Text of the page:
Big adventure just gets bigger

Date published: June 11, 2014 at 11:10 am | Comments

THE Gravity Sports Kawerau Six Hour Adventure Race has reached its limit.

The fourth edition of the race on Saturday included 126 teams and Gravity Sports committee member Edwina O’Brien said it was a fantastic day.

“It exceeded our expectations. We have probably come to the limit in terms of team numbers.

“Safety is a big factor.

“It goes to show, people feel like there is a possibility of being challenged and being safe in an event like this.

“There were a lot of beginners out there, maybe around 30 per cent. That is more than it ever has been and that is what it is all about.”

O’Brien said having adventure racing guru Neil Jones on board was a huge help.

“None of this happens without him. We are really fortunate to have someone of his calibre in the community.

“We were happy with how it all went but there is always room for improvement.

“We had really positive feedback, looking at the photos, you will see lots of smiles. That is a big win for us.”

O’Brien said the Tarawera Forest provided a great location for the event.

“We have the opportunity in 21,000 hectares to provide an event that is so close to nature. We also have a tight little committee that do a great job.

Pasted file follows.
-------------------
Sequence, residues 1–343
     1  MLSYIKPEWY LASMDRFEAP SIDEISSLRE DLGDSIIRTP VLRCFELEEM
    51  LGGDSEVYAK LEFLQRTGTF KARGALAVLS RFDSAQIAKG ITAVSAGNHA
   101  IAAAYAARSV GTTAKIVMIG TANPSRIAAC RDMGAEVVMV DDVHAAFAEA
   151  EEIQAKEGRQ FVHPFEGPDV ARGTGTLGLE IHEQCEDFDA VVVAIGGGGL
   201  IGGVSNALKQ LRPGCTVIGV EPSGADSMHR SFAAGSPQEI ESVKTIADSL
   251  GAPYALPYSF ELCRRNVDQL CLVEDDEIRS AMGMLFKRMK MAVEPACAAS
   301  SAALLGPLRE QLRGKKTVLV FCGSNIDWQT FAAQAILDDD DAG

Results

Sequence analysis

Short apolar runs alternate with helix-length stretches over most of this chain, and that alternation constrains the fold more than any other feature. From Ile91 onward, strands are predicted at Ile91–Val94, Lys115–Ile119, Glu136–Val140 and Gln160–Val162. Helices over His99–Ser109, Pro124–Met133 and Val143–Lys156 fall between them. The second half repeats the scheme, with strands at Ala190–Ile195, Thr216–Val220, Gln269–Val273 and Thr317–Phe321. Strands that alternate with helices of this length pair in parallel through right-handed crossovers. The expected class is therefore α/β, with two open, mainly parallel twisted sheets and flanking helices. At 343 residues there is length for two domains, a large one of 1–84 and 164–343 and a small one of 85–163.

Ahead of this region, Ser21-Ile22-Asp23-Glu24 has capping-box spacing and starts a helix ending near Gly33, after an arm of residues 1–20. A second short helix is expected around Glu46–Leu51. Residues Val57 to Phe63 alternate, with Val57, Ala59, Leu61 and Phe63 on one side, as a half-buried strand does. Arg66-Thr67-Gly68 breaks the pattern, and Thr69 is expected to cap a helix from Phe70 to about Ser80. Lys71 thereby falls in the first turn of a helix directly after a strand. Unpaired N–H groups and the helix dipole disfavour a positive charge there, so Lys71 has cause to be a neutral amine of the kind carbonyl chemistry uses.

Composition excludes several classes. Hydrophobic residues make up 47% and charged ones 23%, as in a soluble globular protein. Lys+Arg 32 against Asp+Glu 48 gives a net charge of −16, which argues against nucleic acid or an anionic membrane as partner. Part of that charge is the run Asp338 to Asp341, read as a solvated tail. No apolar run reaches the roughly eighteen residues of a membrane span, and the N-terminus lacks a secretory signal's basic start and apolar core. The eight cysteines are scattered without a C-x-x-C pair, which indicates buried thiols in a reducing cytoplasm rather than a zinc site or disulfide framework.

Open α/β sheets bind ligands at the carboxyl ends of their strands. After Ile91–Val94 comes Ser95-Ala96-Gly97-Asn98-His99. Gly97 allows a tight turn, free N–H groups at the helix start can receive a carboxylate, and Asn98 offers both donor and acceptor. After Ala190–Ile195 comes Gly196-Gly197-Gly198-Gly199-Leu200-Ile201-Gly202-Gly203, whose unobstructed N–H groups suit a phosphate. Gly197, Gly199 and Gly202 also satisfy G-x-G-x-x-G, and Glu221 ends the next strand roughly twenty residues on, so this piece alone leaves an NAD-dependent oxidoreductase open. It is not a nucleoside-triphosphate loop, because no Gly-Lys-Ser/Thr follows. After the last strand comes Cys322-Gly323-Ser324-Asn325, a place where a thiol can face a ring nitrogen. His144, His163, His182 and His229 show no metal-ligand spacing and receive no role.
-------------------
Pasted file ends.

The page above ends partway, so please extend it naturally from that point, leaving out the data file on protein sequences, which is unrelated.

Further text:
“We also get great sponsorship from Whakatane Great Outdoors.”

There were four legs in the event plus several mystery activities including a tomahawk throw and fire brigade drills.

The two mountainbike legs, one trek leg and the ride and run leg all had various route options so the teams could obtain as many of the checkpoints as possible depending on their ability, in the six hours.

The ride and run allowed only one bike to be used for a two-person team or two bikes for a four-person team.

Bikers would ride ahead before getting off and dropping the bike on the side of track and then start running. Their teammate would follow and pick up the bike, pass them and repeat the process.

In the open category, one of New Zealand’s top adventure racing teams in Rhys Burns, David Blundell, Rob Lei and Rob Griffiths were in a class of their own as they collected all 102 checkpoints and picking up some bonuses for finishing under six hours to gather 5271 points.

Whakatane’s Sam Clark was in a team with Olly Shaw, Dirk Peters and Mark Leishman who placed second.

They were 50 points ahead of the all Whakatane team of Austin Oliver, Lawrence Harper, Craig Julian, Gordon Townsend and Greg Knight.

In the open women’s category, Whakatane duo of Brigette Masse and Roz Wilson had the highest total of 4360 points to easily win their two-person division.

Likewise in the mixed two- person, team of Steve Lock and Lea Vellenoweth scored 4610 points.

In the four-person women’s section, with 3390 points, was Kim King, Anna Seymour, Rhonda Good and Di Brown.

Fifty of the teams were secondary school entries and Trident High School’s Vincent Masse Denicourt and Emily Wotton scored well with 3630 points to win the secondary schools two-person mixed section.

Trident’s Sam Oliver, Sam Dobbin, Janneke Olthius and Campbell Reid had 4890 points, the fifth highest overall of the day, to win the division.

There were secondary school teams from throughout the North  Island.

Source: Whakatane Beacon